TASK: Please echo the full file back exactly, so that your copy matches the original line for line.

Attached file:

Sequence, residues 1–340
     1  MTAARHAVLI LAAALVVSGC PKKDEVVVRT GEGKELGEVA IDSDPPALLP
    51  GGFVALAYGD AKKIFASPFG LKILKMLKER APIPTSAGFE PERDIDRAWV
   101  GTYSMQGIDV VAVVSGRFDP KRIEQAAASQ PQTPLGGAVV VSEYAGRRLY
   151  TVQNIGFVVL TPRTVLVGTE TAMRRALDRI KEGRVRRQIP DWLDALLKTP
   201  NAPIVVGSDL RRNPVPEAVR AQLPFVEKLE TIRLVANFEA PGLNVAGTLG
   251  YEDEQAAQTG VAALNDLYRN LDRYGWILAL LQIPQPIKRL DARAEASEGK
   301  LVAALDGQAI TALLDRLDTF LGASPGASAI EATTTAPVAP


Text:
Sequence, residues 1–340
     1  MTAARHAVLI LAAALVVSGC PKKDEVVVRT GEGKELGEVA IDSDPPALLP
    51  GGFVALAYGD AKKIFASPFG LKILKMLKER APIPTSAGFE PERDIDRAWV
   101  GTYSMQGIDV VAVVSGRFDP KRIEQAAASQ PQTPLGGAVV VSEYAGRRLY
   151  TVQNIGFVVL TPRTVLVGTE TAMRRALDRI KEGRVRRQIP DWLDALLKTP
   201  NAPIVVGSDL RRNPVPEAVR AQLPFVEKLE TIRLVANFEA PGLNVAGTLG
   251  YEDEQAAQTG VAALNDLYRN LDRYGWILAL LQIPQPIKRL DARAEASEGK
   301  LVAALDGQAI TALLDRLDTF LGASPGASAI EATTTAPVAP